Jerome Bruner was an American psychologist and educator who was born in 1915 and died in 2016. He was best known for his work on the theory of instruction, which he developed in the mid-20th century.
Here are a few key elements of Jerome Bruner’s theory of instruction:
- Active Learning Management System : Bruner believed that learning is an active process, in which individuals construct meaning by engaging with information and experiences. He argued that learners should be active participants in their own education, rather than passive recipients of information.
- Discovery learning: Bruner was a strong proponent of discovery learning, which is a teaching method that emphasizes hands-on, exploratory learning experiences. He believed that learners should be encouraged to discover information and concepts for themselves, rather than being told the answers directly.
- Spiral curriculum: Bruner developed the idea of a “spiral curriculum,” which is a type of curriculum that revisits and builds upon key concepts and ideas at multiple points throughout the educational experience. This allows learners to develop a deeper and more comprehensive understanding of the material over time.
- Scaffolding: Bruner also emphasized the importance of “scaffolding” in instruction, which is the process of providing students with the support they need to be successful. This includes breaking down complex tasks into smaller, more manageable parts, and gradually increasing the level of challenge as the learner becomes more proficient.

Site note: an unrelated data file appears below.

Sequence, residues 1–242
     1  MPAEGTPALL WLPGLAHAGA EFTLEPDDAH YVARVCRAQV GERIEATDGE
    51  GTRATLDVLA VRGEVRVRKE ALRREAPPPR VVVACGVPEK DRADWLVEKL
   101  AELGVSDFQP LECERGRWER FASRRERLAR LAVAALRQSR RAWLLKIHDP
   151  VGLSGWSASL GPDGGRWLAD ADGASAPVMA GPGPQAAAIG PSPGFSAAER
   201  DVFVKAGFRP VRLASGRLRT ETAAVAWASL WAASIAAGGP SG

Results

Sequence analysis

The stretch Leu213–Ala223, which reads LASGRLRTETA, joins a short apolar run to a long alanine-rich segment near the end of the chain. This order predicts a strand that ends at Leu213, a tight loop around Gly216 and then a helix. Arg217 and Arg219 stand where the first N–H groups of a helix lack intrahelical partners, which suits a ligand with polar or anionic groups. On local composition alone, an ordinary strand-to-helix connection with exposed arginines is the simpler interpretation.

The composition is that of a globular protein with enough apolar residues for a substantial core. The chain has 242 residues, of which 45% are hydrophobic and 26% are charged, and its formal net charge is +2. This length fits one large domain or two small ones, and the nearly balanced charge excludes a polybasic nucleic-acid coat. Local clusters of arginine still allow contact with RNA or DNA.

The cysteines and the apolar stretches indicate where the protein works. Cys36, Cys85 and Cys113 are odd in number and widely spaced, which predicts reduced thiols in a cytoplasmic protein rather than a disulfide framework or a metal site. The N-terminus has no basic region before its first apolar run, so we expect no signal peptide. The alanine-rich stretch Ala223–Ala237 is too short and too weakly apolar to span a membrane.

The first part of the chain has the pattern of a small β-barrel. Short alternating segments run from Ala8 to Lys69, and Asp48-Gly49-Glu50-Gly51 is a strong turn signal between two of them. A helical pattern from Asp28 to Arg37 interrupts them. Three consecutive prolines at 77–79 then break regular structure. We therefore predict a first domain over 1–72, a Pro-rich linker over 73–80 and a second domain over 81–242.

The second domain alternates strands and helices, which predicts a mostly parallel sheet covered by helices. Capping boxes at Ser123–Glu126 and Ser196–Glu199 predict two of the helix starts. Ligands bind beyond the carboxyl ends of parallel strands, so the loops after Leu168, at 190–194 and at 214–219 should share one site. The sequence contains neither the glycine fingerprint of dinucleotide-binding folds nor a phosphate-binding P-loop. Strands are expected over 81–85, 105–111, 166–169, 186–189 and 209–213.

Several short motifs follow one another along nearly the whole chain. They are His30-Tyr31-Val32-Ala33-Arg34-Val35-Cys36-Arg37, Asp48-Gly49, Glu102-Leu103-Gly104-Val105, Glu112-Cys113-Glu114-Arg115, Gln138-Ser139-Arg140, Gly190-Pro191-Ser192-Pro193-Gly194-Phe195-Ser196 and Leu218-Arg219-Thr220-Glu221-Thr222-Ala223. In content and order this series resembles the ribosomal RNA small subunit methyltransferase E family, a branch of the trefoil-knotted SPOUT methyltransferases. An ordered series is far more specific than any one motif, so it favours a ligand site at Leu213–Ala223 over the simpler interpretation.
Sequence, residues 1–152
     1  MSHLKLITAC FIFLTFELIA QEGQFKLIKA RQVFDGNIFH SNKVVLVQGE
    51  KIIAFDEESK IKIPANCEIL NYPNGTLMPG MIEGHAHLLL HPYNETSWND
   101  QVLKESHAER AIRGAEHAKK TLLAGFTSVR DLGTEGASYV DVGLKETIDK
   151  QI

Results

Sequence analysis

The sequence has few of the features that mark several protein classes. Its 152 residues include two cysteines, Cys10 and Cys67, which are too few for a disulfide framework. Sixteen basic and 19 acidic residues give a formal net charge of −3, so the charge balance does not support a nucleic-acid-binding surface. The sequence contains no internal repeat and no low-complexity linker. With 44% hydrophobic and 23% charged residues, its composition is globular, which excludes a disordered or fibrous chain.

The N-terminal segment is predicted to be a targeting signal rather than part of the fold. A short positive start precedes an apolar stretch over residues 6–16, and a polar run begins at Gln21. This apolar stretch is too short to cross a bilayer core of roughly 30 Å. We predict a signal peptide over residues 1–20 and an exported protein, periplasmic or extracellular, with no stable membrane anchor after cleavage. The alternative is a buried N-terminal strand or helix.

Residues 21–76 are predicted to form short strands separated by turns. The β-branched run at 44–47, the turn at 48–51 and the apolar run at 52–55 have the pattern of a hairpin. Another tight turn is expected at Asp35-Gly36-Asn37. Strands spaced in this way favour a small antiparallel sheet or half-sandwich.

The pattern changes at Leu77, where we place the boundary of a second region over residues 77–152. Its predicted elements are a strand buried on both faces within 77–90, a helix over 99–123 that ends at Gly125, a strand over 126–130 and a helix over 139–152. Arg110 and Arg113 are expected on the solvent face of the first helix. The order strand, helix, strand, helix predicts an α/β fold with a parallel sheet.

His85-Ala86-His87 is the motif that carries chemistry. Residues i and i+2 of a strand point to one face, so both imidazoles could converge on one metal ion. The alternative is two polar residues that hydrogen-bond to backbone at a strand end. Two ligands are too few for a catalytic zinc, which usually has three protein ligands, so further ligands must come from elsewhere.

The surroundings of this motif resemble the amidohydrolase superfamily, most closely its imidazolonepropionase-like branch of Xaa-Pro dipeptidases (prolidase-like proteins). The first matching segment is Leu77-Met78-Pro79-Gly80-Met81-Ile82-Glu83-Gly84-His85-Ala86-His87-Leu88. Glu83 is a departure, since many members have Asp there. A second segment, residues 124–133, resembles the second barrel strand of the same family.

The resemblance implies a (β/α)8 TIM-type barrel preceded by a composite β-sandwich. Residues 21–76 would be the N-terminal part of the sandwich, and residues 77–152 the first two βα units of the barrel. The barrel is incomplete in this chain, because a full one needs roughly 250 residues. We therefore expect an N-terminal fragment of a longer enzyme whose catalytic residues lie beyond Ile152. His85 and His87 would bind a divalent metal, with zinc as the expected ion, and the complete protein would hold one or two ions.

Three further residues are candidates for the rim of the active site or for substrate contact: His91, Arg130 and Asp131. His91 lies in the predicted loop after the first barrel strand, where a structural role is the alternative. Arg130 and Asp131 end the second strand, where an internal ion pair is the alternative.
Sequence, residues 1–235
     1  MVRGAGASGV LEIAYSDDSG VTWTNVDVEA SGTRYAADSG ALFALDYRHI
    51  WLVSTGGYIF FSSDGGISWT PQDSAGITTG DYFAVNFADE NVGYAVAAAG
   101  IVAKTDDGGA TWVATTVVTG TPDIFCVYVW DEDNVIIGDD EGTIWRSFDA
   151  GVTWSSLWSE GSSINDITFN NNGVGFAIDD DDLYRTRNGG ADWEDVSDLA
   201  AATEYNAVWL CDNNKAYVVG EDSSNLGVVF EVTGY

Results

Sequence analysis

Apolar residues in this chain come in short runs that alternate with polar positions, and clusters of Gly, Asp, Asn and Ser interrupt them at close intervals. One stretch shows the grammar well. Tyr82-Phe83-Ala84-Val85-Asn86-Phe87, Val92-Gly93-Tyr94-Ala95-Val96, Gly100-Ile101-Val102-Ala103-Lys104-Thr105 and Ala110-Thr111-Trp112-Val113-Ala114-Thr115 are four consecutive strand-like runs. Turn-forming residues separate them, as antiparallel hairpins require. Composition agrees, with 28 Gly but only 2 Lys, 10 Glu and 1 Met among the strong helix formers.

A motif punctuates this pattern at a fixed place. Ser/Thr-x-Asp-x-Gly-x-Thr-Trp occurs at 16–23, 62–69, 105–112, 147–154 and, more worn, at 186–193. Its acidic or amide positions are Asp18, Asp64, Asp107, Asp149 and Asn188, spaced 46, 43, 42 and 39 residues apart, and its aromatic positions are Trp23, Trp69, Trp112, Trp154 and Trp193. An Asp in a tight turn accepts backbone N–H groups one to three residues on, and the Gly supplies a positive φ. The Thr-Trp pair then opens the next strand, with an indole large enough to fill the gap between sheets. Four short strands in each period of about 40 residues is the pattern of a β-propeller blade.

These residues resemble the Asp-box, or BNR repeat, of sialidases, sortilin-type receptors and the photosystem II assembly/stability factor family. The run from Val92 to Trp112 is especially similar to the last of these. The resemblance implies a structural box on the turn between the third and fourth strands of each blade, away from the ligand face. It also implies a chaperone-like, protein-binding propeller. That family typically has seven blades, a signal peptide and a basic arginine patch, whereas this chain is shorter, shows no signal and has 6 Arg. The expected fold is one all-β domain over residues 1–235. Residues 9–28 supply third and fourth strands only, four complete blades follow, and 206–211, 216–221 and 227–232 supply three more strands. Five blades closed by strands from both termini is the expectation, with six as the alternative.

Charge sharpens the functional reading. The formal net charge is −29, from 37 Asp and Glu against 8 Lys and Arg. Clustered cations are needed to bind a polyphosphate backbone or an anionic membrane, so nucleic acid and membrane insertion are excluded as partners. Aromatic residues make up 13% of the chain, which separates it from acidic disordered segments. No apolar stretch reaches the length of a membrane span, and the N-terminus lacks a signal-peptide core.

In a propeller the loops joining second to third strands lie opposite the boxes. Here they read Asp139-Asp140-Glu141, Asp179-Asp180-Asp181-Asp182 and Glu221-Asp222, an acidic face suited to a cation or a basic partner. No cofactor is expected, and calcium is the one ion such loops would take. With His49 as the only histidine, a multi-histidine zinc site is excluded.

- Representation: Bruner believed that different modes of representation, such as visual, auditory, and kinesthetic, can be used to support learning in different ways. He argued that instruction should be designed to take advantage of the strengths of each mode of representation, in order to maximize its effectiveness.
Jerome Bruner’s theory of instruction has had a significant impact on the field of education, and his ideas continue to influence the way that teachers approach the design and delivery of instruction. His contributions to our understanding of how people learn and the importance of active, hands-on learning experiences have helped shape the way that educators approach the process of teaching and learning.